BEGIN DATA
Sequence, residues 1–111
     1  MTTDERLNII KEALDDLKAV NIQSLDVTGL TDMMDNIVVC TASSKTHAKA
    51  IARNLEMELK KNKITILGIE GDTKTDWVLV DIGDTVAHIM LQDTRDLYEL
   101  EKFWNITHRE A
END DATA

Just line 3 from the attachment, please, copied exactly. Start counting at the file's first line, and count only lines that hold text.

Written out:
    51  IARNLEMELK KNKITILGIE GDTKTDWVLV DIGDTVAHIM LQDTRDLYEL